"YouTube is one of the first places Super Bowl viewers turn before, during, and after the game, so we’ve developed a ton of special video content that we’ll be rolling out on YouTube, some exclusively on its Ad Blitz platform," says Jake Kirsch, VP at Shock Top. "We’re also promoting content on our new website, Facebook, Twitter, and Instagram, along with unfiltered commentary from TJ Miller himself across his social channels."

Turner also predicts more brands will embrace live video streams during Super Bowl Sunday.

"We will be watching what people do with live video on Facebook, Periscope, Meerkat, Blab, etc., during the game," says Turner. "We expect some brands will be experimenting with social-driven live video. There may even be a breakout story here. But, moreover, savvy agencies and media companies will be watching this space closely. We should all expect multiple live video campaigns coming our way in 2017."

Graff agrees that live streaming video on the "second screen" will be a huge part of the big game.

"This year, there will be an emerging emphasis on live streaming," he says. "Advertisers will use these platforms to engage the consumer with in-the-moment and behind-the-scenes content on game day. It’s all about more touch points and more reach."

Seriously – or seriously funny?
In terms of tone, sexy is out and cute and funny are in, according to Donn Ditzhazy of RMD Advertising.

"Research shows that puppies are advertising gold," he says, adding that creating an emotional link with people is key. "Many of these types of ads don't include direct plugs for their products, opting instead to create an emotional link with people tuning in. That might not prompt viewers to run out to buy a six-pack of Budweiser the next day, but the ads tend to be more memorable with consumers, helping to build long-term brand awareness."

However, Graff believes that while most spots will go for humor, there will be ads that pull at the heart strings.

"Take Colgate, for example. The brand will showcase its social responsibility platform with its first Super Bowl ad, encouraging consumers to save water," he notes.

Hitting an emotional chord is what SunTrust Banks is hoping to do. The company is highlighting the issue of financial stress in its game-day commercial. Known as OnUp, the effort is meant to inspire people to improve their financial health.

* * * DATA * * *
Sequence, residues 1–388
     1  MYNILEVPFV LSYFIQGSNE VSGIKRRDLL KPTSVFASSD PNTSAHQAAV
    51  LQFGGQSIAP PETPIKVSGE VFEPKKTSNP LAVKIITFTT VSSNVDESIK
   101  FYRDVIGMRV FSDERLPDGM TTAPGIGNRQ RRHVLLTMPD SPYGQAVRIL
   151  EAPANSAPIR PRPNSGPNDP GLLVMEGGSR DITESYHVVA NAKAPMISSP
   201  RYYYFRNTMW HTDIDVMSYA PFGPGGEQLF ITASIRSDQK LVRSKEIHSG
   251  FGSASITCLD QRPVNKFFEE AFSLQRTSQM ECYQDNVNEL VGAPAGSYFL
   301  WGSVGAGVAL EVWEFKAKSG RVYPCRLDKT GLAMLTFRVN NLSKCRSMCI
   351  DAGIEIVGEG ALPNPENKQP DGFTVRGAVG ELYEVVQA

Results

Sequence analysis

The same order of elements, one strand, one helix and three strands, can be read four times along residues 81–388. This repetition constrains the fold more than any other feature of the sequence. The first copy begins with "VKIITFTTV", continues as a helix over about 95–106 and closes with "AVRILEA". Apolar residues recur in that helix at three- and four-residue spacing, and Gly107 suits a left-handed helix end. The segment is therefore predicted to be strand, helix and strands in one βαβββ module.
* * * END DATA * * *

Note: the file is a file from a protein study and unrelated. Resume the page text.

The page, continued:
Sue Mallino, CCO at SunTrust, says that the ad, "Hold Your Breath," should resonate well with all generations, but particularly with Millennials.

Though the launch is meant to be seen via TV in the fourth quarter, the message will also direct viewers to the website for a more interactive experience. Consumers can take a pledge online, find information and resources, and even create their own version of the Super Bowl ad using personal Facebook photos. 

"The ad is a shift from business-as-usual, and it’s not a typical banking commercial. It is infused with realism and should reach people on a personal level," adds Mallino.

Budweiser is also not shying away from a serious message this year, with its Simply Put campaign taking on drunk driving in a bold, unorthodox way.

"Drunk driving is a serious issue, and Helen Mirren provides an unmatched level of gravitas and the rare ability to chide and charm viewers at the same time," notes an Anheuser-Busch spokesperson.

Alongside the TV ad, digital elements include, which aggregates ways people can get home safely based on their location. It also invites viewers to take a pledge to not drive drunk on Super Bowl Sunday. The #GiveADamn hashtag will also trigger a custom Twitter emoji to encourage more shares of the campaign message.

Yet whether serious or funny, the goal is ultimately to connect with fans.

One brand that has a unique opportunity to interact and emotionally connect with true football fans is GMC. The car company is the official truck of both teams and is using its exclusive access to players to engage fans as much as possible. GMC has produced video in order to get more bang for their buck and give fans the ability to spread the word about its brand.

"Today’s consumers are spending much of their time consuming digital and social content," says Rich Latek, director of marketing for GMC. "Digital video also makes it easy for fans to watch as many videos as they want, and share it with their friends, as they anticipate the big game."